Howard Shore Lyrics
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lanc i dalaf.
Mathach vi geven?
Nostach vi 'wilith?
Mab le i nagor,
Bad gurth vi ngalad firiel.
Dorthach vi mar han?
Dagrathach go hain?
'The woods are burning,
the ground lies bare.
Do you feel it in the earth?
Can you smell it in the air?
The war is upon you,
Death moves in the fading light.
Are you part of this world?
Will you join their fight?'
'Fire in forest,
naked [is] the ground.
Feel-you [it] in earth?
Smell-you [it] in air?
Takes you [or you are taken by] the war,
Goes death in light fading.
Dwell-you in land this?
Will-make-war-you with them?'
The lyrics to Howard Shore's song Treebeard convey a sense of urgency and foreboding. The speaker implores his listener to take notice of the world around them, both in terms of the physical destruction caused by war, and the looming threat of death. The use of rhetorical questions throughout the piece creates a sense of unease, as if the speaker is trying to wake the listener from a spell of apathy or indifference.
The first two lines set the scene, describing a forest in flames and the barrenness of the ground below. This is followed by a series of questions directed at the listener, asking if they are aware of the destruction around them, both in terms of the physical environment and the toll of war. The repetition of the phrases "feel-you" and "smell-you" create a sensory experience for the listener, emphasizing the urgency of the situation and the need for action.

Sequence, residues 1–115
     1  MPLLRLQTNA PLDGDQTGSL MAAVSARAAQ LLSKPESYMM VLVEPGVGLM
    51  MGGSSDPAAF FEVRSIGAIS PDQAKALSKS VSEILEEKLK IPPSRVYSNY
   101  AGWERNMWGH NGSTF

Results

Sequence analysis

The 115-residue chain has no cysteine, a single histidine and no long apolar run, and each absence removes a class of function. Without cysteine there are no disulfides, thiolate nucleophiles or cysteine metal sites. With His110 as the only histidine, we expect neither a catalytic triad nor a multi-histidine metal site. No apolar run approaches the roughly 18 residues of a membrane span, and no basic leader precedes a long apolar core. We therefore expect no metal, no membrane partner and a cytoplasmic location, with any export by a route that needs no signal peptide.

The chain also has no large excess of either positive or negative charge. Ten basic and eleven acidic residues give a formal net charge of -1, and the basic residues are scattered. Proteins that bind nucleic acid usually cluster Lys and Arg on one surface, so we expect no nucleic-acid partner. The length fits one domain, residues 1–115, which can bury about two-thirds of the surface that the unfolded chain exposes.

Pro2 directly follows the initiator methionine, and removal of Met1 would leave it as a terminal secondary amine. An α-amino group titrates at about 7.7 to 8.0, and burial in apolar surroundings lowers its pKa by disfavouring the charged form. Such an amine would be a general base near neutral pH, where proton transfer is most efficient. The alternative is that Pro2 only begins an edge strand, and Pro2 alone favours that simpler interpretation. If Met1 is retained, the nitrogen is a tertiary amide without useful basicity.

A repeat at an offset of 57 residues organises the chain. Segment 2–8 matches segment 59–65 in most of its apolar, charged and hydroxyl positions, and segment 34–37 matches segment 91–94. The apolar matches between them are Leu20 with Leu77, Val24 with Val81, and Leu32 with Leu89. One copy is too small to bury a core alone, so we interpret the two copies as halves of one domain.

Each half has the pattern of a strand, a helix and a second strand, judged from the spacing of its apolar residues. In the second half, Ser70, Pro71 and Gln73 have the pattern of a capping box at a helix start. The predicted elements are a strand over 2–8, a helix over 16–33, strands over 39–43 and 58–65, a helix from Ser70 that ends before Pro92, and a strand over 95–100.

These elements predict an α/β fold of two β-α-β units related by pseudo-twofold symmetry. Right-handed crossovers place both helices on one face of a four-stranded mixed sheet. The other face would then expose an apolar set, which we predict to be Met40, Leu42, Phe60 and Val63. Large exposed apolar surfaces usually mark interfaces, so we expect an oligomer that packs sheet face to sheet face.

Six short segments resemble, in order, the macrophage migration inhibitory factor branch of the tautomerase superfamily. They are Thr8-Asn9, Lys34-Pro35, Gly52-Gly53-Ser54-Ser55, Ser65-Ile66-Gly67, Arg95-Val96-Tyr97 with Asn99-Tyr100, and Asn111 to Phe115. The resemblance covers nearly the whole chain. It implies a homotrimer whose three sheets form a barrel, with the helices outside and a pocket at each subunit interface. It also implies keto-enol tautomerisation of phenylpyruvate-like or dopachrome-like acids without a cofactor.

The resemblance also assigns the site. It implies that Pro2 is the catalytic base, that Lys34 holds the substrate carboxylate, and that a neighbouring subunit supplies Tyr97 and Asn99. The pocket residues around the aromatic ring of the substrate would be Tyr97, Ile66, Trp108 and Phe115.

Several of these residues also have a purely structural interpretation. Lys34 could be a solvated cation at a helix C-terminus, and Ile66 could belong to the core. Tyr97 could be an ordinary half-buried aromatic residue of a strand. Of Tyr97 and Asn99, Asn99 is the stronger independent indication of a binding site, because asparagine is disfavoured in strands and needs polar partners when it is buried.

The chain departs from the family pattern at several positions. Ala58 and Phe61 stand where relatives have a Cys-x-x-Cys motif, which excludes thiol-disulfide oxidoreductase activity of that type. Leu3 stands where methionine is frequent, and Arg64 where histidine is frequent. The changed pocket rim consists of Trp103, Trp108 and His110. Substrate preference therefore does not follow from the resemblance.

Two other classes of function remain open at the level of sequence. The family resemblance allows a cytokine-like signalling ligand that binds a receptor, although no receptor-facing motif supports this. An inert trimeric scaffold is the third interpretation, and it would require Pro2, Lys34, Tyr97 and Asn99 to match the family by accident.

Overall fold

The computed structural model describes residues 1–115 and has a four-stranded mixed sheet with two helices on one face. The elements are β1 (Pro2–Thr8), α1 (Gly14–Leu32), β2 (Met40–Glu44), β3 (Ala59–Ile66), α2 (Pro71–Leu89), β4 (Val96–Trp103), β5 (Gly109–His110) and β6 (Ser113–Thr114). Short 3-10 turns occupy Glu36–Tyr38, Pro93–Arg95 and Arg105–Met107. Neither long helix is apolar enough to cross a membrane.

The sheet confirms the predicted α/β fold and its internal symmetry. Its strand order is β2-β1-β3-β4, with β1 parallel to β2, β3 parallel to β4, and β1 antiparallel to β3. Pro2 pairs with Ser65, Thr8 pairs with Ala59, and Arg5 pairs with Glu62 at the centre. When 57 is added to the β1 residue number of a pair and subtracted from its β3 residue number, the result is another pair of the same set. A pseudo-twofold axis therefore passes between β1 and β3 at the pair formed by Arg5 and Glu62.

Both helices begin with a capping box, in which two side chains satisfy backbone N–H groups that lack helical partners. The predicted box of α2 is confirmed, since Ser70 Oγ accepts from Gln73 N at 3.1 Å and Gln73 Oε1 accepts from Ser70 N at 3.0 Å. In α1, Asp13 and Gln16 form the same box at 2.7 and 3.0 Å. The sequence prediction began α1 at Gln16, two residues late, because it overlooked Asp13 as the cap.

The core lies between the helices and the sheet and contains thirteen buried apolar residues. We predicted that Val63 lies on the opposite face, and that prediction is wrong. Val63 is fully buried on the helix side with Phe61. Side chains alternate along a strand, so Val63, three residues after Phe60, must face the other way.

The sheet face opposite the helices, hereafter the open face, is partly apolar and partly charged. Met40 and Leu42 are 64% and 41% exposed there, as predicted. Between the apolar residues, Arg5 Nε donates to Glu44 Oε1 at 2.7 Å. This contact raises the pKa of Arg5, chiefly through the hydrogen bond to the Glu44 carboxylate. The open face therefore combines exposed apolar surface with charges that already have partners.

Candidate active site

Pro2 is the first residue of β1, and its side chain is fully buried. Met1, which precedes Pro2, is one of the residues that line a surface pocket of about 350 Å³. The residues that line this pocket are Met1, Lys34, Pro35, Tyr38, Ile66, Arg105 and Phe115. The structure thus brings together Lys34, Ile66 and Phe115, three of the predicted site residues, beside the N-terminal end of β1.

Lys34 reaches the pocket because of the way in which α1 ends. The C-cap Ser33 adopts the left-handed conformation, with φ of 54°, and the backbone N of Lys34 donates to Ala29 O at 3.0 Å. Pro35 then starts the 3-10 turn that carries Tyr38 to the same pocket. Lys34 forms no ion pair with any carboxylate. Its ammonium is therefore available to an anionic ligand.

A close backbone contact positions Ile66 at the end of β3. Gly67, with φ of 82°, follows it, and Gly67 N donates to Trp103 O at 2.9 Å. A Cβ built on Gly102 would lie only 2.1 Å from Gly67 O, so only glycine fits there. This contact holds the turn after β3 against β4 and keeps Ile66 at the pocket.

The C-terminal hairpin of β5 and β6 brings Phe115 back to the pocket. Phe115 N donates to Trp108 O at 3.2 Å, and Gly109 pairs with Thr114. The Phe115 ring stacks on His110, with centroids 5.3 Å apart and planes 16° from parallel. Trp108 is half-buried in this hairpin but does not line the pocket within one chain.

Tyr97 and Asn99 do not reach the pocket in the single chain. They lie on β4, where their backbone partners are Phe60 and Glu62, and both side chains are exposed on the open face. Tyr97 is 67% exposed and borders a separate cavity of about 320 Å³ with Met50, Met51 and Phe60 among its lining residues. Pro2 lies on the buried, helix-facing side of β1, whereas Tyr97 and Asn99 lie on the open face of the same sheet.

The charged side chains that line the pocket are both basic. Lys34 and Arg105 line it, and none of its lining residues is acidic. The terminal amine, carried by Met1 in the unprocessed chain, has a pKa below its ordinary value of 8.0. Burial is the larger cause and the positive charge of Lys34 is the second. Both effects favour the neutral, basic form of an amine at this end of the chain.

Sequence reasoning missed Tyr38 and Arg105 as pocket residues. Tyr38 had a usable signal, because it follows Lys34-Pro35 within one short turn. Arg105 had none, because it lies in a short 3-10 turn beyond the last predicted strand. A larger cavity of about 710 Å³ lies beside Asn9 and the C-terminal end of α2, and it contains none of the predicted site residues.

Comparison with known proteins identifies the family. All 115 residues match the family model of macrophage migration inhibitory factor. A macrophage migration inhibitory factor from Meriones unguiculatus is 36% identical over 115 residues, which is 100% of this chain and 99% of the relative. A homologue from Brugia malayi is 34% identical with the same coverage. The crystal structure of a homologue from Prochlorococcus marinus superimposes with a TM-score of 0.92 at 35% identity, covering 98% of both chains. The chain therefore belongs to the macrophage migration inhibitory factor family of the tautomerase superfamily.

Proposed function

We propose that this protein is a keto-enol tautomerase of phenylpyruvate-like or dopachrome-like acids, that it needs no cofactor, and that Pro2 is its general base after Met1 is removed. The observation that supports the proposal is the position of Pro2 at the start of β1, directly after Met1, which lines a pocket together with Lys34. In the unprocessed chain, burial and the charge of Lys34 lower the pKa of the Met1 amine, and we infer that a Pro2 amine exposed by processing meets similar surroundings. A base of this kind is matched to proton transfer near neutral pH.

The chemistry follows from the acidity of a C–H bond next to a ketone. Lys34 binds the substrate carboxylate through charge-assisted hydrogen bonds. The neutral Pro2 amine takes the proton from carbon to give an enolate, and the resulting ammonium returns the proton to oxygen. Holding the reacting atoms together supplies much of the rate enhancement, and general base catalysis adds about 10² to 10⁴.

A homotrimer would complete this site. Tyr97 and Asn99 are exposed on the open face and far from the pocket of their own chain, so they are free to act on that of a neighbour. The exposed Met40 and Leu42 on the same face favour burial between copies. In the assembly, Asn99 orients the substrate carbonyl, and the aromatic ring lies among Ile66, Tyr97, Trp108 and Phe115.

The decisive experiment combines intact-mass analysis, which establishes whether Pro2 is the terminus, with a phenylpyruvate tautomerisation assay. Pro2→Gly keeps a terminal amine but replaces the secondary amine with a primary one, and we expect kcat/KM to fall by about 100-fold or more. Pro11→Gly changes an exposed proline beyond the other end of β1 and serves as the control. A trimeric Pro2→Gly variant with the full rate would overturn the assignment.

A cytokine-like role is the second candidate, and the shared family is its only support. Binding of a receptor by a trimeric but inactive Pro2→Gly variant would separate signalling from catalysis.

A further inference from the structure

The final lines of the song ask the listener to consider their place in the world and whether they are willing to take up arms and join the fight. This creates a sense of moral responsibility, as if the listener is being asked to make a choice between standing by and watching the world burn, or taking action to save it.
Overall, the lyrics to Treebeard convey a strong sense of urgency and a call to action, urging the listener to take notice of the world around them and to play an active role in shaping its future.
Line by Line Meaning
Naur vi eryn
Fire has spread in the woods
lanc i dalaf
The ground looks exposed and vulnerable
Mathach vi geven?
Do you sense the danger creeping in?
Nostach vi 'wilith?
Do you smell the destruction in the air?
Mab le i nagor
The war has arrived at your doorstep
Bad gurth vi ngalad firiel
Death is lurking in the surroundings
Dorthach vi mar han?
Will you become a part of this world in turmoil?
Dagrathach go hain?
Will you fight against the forces of destruction?
Contributed by Dylan D. Suggest a correction in the comments below.
Shore has also composed a few concert works including one opera, The Fly, based on the plot of Cronenberg's 1986 film premiered at the Théâtre du Châtelet in Paris on July 2, 2008, a short piece Fanfare for the Wanamaker Organ and the Philadelphia Orchestra, and a short overture for the Swiss 21st Century Symphony Orchestra. In addition to his three Academy Awards, Shore has also won three Golden Globe Awards and four Grammy Awards.